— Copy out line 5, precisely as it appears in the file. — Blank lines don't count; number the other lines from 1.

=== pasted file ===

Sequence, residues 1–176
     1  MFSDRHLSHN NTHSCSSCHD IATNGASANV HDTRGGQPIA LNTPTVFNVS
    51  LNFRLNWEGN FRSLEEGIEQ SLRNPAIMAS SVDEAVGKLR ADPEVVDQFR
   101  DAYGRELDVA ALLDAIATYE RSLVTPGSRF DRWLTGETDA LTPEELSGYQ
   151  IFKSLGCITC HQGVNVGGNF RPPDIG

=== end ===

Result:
   151  IFKSLGCITC HQGVNVGGNF RPPDIG